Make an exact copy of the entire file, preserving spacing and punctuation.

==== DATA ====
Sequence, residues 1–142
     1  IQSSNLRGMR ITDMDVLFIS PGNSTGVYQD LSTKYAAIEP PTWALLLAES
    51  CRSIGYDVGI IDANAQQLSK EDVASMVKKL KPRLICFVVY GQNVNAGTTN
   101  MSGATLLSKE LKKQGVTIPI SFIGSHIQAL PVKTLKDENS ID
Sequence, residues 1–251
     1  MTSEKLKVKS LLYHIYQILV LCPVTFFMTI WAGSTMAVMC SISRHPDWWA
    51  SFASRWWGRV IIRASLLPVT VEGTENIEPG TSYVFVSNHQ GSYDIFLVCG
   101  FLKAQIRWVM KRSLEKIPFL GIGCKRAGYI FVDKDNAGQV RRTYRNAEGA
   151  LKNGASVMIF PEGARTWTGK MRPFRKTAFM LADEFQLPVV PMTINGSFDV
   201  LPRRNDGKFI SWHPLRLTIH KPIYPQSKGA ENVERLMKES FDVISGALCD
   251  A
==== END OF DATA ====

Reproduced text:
Sequence, residues 1–142
     1  IQSSNLRGMR ITDMDVLFIS PGNSTGVYQD LSTKYAAIEP PTWALLLAES
    51  CRSIGYDVGI IDANAQQLSK EDVASMVKKL KPRLICFVVY GQNVNAGTTN
   101  MSGATLLSKE LKKQGVTIPI SFIGSHIQAL PVKTLKDENS ID
Sequence, residues 1–251
     1  MTSEKLKVKS LLYHIYQILV LCPVTFFMTI WAGSTMAVMC SISRHPDWWA
    51  SFASRWWGRV IIRASLLPVT VEGTENIEPG TSYVFVSNHQ GSYDIFLVCG
   101  FLKAQIRWVM KRSLEKIPFL GIGCKRAGYI FVDKDNAGQV RRTYRNAEGA
   151  LKNGASVMIF PEGARTWTGK MRPFRKTAFM LADEFQLPVV PMTINGSFDV
   201  LPRRNDGKFI SWHPLRLTIH KPIYPQSKGA ENVERLMKES FDVISGALCD
   251  A